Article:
“A lot of countries are combining excellence with equity, in fact, one of the most important lessons from this comparison is that you don’t have to compromise equity to achieve excellence.” – Andreas Schleicher, France
Andreas Schleicher, whom we interviewed last year on Daily Edventures, has long been a proponent of using data to reshape the education landscape. Through his work with the Organization for Economic Cooperation and Development (OECD), and it’s global PISA testing, we are learning not only which countries perform well, but more important, why some countries perform better than others. And in spite of some arguments to the contrary, Schleicher says, it isn’t about how much money is invested. “Spending per student only explains about less than 20 percent of the performance variation among countries.”
In this well-crafted TED talk from TEDGlobal 2012, Schleicher explores the attitudes of top-performing countries about education, and the choices they’ve made to ensure that future generations are prepared for the workplace and to become global citizens and leaders. According to Schleicher, “We were less interested in whether students could simply reproduce what they learned in school; we wanted to test whether they could extrapolate from what they learned, and apply the knowledge in novel situations.”
Schleicher finds some of the PISA data concerning – citing the number of graduates currently unemployed and unable to fill employer needs – but he also finds hope. “We no longer live in a world that is neatly divided between rich, well educated countries,” he says, “and poor, badly educated countries.”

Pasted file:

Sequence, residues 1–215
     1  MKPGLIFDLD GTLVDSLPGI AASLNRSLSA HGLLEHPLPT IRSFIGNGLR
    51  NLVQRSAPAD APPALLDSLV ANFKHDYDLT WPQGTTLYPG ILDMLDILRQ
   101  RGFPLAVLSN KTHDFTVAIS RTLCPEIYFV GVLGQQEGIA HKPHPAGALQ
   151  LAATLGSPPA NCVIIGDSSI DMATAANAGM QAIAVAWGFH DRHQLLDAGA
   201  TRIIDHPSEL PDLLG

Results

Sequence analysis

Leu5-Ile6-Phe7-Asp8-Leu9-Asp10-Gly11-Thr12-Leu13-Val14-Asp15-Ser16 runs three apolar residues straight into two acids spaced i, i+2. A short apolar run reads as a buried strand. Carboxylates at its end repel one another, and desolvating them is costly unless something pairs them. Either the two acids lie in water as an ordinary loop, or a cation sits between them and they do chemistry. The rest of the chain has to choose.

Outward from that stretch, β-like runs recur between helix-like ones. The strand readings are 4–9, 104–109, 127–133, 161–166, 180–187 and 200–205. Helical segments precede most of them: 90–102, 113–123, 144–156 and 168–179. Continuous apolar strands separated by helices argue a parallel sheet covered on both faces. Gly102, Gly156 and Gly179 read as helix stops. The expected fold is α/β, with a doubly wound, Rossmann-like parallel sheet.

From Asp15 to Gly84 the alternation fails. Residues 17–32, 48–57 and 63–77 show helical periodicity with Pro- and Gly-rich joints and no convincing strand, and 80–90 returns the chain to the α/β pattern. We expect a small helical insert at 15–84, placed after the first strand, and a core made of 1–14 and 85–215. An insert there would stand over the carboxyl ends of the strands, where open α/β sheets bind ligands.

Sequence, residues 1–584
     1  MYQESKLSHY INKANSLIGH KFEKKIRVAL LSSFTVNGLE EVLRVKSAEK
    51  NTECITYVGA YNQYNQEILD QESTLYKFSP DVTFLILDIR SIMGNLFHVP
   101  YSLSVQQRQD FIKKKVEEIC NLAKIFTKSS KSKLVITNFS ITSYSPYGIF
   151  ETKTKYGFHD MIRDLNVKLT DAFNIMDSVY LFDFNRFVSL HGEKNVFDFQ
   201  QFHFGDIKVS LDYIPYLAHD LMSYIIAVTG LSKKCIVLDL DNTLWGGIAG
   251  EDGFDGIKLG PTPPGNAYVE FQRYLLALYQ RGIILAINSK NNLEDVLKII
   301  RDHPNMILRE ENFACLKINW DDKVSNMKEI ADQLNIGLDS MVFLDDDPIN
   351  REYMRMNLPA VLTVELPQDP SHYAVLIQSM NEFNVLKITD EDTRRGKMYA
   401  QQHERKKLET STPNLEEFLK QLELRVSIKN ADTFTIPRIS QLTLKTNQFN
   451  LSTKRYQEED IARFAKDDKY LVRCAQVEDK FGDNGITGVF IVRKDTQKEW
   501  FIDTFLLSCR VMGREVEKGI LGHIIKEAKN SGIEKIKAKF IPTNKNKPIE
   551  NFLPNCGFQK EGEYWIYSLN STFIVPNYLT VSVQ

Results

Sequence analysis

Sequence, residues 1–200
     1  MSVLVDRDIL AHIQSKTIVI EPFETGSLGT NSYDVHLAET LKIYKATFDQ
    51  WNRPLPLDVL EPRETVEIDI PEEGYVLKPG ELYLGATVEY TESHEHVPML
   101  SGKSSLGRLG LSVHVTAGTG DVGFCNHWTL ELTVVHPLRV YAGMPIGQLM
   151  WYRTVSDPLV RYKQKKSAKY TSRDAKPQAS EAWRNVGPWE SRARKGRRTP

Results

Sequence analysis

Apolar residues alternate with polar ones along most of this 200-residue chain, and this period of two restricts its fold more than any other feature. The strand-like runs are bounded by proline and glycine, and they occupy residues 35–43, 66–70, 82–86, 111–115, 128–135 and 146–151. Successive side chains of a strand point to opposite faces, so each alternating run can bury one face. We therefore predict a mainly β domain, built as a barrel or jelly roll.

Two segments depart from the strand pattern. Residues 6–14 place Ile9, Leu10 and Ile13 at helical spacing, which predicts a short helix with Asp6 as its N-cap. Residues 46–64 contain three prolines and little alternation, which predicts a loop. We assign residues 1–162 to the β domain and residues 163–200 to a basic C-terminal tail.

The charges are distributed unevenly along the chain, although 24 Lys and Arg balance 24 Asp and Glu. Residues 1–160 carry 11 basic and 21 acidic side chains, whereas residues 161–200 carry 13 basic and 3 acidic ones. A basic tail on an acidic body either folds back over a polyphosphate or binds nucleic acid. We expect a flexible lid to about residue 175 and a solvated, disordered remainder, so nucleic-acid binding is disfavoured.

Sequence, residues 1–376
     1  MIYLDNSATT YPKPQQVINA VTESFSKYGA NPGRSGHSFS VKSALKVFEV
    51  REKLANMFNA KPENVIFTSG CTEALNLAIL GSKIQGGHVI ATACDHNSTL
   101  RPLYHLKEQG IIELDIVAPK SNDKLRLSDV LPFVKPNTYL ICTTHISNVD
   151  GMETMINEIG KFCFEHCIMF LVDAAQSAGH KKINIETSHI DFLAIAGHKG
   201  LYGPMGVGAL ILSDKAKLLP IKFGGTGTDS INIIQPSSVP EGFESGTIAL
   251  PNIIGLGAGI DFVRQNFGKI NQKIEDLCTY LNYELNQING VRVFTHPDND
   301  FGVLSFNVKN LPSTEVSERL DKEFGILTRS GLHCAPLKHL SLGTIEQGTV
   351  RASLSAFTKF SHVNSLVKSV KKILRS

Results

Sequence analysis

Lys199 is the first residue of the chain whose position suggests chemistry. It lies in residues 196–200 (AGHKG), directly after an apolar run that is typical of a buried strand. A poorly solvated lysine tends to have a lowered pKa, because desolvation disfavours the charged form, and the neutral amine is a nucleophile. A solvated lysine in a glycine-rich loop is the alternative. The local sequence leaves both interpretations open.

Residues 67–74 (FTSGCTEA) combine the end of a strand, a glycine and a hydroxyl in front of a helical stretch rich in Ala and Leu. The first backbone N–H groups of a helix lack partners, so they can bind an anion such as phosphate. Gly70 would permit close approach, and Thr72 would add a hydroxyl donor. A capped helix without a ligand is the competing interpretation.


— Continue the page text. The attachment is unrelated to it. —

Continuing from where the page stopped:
About Andreas Schleicher
Andreas Schleicher joined the OECD in 1994, where in addition to his current role, has held the posts of Deputy Head of the Statistics and Indicators Division in the former Directorate for Education, Employment, Labour and Social Affairs (1997-2002) and Project Manager in the OECD Centre for Educational Research and Innovation (CERI) (1994-1996). Before joining the OECD, Schleicher served as Director for Analysis at the International Association for the Evaluation of Educational Achievement (IEA) within the Institute for Educational Research in the Netherlands (1993-1994) and International Coordinator for the IEA Reading Literacy Study, at the University of Hamburg, Germany (1989-1992). Originally a graduate in physics, Schleicher subsequently studied mathematics at Deakin University in Australia, where his master’s thesis received the Bruce Choppin Award.
In 2003, Andreas was awarded the “Theodor Heuss” prize, given for “exemplary democratic engagement” in association with the public debate on PISA. He also holds an honorary professorship at the University of Heidelberg in Germany. In 2002, Andreas was awarded the “educación y libertad en el ámbito educativo” prize by the Spanish national association of private schools.
A German citizen, Andreas is married, with three children. He speaks German, English, Italian and French.
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